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EU Scream

Author: EU Scream

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European progressive politics podcast from Brussels
54 Episodes
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Can the European Union do more to hold back the kinds of malign forces that overran the US Capitol claiming to defend democracy? It's not an idle question. Democratic shortcomings in the European Union are regularly invoked by the far right to whip up nationalist sentiment. The effect has been to weaponise the European project against itself. Rather than a citizens' insurrection, what's foreseen in the EU is a period of deep and prolonged citizens' reflection. The Conference on the Future of Europe is a once-in-a-political-generation opportunity to make the EU more accountable, responsive and democratic. But ensuring the conference delivers results is an immense challenge. Professor Alberto Alemanno of HEC Paris is a leading voice on democratisation, and he takes up those issues and more. Gwendoline Delbos-Corfield is a Green member of the European Parliament from France who coordinates on rule of law in Hungary. She's also on the Committee on Constitutional Affairs that's been pushing to get the Conference underway. She's now concerned the conference may not happen at all.Support the show (https://euscream.com/donate/)
Politicians mostly talk about shutting migrants out. That endangers migrants' lives and obscures an important truth: that Europe already relies on large numbers of migrants for farming and manufacturing. The reliance includes significant numbers of irregular migrants and refugees. But getting honest about this phenomenon has long been taboo for Europe's political class. Giulia Laganà of the Open Society European Policy Institute unpacks the issues against the backdrop of the EU's New Pact on Migration and Asylum. Giulia also addresses how improving labor conditions for migrants can help avoid the toxic discourse on migration and borders promoted by the far right.This episode of EU Scream is sponsored by Google. The pandemic has hit European small and medium sized businesses hard. That's why Google is offering free tools and training to help businesses in Europe grow. For more information go to g.co/growwithgoogleBeethoven Symphony No. 9 in D minor, Op. 125, by Papalin is licensed under CC by 3.0. Wael Koudaih kindly contributed his track “Thawra” to this episode. You’ll find more of his music under the name Rayess Bek. Visit our website for episode art and more EU Scream.Support the show (https://euscream.com/donate/)
Brussels is increasingly expected to serve as the European Union's sheriff on rule of law. But its ability to enforce adherence to democratic norms and values remains weak. Mehreen Khan of the Financial Times talks about the EU's latest showdown with Poland and Hungary. She also discusses illiberal trends in France and her own brush with the country's newly restrictive climate for free expression. Politics expert Garvan Walshe talks about his latest pro-democracy project, a news site called article7.eu that's dedicated to tracking rule of law issues in Europe.This episode of EU Scream is sponsored by Google. The pandemic has hit European small and medium sized businesses hard. That's why Google is offering free tools and training to help businesses in Europe grow. For more information go to g.co/growwithgoogleBeethoven Symphony No. 9 in D minor, Op. 125, by Papalin is licensed under CC by 3.0. Wael Koudaih kindly contributed his track “Thawra” to this episode. You’ll find more of his music under the name Rayess Bek. Visit our website for episode art and more EU Scream.Support the show (https://euscream.com/donate/)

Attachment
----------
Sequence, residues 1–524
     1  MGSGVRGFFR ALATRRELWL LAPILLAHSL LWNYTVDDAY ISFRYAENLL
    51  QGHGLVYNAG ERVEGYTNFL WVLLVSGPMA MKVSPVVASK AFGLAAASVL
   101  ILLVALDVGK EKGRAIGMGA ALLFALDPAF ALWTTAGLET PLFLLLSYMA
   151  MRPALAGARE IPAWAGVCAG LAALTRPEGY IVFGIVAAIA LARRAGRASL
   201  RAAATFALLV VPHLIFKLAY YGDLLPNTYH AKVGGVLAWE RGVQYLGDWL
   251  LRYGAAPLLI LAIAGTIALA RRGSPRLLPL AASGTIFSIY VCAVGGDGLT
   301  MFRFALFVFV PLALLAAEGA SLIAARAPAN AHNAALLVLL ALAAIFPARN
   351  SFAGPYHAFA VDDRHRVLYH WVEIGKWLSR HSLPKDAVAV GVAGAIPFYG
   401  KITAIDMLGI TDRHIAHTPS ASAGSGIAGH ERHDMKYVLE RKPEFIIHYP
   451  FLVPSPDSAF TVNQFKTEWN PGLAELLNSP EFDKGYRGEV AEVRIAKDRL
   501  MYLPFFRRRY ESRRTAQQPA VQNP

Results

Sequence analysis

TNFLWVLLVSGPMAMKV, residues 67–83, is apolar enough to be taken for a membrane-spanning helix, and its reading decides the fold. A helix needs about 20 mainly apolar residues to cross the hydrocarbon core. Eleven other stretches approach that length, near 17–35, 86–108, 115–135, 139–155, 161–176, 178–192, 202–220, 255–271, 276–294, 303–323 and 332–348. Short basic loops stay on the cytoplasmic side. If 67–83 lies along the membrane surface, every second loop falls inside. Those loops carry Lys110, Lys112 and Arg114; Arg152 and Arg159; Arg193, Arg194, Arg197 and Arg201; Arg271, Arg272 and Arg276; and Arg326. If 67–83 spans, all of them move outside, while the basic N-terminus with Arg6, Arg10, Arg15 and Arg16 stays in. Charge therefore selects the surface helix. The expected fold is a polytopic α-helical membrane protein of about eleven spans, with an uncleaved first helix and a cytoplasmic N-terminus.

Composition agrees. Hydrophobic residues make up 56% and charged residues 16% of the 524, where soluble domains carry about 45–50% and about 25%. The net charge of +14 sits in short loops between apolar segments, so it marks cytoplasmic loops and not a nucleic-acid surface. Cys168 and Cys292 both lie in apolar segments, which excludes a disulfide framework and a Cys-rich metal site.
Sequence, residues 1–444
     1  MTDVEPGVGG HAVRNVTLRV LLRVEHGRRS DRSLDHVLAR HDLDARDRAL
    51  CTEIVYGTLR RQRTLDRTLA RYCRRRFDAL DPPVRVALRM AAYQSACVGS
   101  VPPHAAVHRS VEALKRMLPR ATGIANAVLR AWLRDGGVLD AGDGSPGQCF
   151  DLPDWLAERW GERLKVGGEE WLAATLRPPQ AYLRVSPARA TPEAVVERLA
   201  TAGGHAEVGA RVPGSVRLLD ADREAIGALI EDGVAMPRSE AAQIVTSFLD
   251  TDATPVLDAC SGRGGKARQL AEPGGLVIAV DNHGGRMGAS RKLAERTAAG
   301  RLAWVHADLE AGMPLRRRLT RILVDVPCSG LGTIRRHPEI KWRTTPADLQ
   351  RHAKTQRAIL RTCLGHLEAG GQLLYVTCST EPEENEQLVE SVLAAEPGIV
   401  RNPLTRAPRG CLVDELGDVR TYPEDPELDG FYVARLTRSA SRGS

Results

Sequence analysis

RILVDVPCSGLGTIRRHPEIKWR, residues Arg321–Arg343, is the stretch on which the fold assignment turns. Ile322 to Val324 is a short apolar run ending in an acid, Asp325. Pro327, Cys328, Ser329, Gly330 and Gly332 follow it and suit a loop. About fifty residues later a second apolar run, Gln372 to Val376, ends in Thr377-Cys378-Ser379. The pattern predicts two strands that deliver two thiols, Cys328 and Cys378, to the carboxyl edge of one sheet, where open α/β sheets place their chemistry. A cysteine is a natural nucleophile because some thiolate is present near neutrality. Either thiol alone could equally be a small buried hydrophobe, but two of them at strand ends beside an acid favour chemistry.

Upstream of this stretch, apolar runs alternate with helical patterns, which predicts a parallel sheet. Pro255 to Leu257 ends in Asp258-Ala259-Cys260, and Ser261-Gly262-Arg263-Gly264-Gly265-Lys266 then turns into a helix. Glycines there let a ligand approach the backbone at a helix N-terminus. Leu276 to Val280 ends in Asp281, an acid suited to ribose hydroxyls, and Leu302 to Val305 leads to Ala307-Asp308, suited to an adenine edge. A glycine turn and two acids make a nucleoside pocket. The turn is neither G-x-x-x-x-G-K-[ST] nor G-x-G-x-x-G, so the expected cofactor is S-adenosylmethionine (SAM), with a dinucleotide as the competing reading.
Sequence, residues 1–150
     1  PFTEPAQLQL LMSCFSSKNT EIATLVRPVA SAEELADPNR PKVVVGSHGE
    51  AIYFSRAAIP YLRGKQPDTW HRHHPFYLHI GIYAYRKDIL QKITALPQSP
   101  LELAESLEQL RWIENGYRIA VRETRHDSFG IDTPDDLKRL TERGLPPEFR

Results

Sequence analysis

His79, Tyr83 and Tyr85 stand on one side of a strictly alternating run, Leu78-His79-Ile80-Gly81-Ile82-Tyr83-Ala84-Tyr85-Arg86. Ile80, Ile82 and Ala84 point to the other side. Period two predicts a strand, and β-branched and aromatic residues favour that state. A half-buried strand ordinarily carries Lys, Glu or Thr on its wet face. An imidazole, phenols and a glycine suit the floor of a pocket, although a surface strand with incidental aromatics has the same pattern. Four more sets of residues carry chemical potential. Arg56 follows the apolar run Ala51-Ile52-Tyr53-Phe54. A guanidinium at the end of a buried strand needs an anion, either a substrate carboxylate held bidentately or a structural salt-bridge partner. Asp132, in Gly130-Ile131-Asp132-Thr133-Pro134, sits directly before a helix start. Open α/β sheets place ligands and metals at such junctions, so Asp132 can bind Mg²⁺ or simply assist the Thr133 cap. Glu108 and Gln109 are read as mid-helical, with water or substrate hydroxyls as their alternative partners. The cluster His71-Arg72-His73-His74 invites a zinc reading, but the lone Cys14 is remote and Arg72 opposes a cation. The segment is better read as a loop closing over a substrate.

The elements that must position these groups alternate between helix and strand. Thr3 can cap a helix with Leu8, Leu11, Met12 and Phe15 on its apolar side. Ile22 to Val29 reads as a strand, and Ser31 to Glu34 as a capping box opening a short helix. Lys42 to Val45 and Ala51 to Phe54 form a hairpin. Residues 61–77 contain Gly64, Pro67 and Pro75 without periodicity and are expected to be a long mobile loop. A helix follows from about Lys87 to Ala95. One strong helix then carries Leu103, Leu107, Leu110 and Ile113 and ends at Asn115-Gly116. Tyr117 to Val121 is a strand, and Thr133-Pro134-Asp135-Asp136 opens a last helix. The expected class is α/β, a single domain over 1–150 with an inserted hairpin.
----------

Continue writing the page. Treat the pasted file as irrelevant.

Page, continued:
Europe on a Power Trip

Europe on a Power Trip

2020-11-0938:00

Strategic autonomy has become the mantra for European Union officials. It started as a broadly French idea: that Europe needs sufficient military power to promote peace and security independent of the US. The idea has evolved to include power in trade and technology to enable Europe to avoid getting squeezed by China and America. Now with Joe Biden as US president-elect, the concept is again up for debate.Nathalie Tocci wrote the European Global Strategy that gave the concept of strategic autonomy its prominence. She says strategic autonomy should remain a guiding principle for Europe, even after Donald Trump leaves the White House. Another challenge for strategic autonomy comes from EU member states with liberal economic and internationalist outlooks. Financial Times Brussels reporter Mehreen Khan talks about the implications of strategic autonomy for Europe's free traders, the distribution of Covid-19 vaccines, and the durability of Europe's soft power credentials. This episode of EU Scream is sponsored by Google. The pandemic has hit European small and medium sized businesses hard. That's why Google is offering free tools and training to help businesses in Europe grow. For more information go to g.co/growwithgoogleBeethoven Symphony No. 9 in D minor, Op. 125, by Papalin is licensed under CC by 3.0. Wael Koudaih kindly contributed his track “Thawra” to this episode. You’ll find more of his music under the name Rayess Bek. Visit our website for episode art and for more EU Scream.Support the show (https://euscream.com/donate/)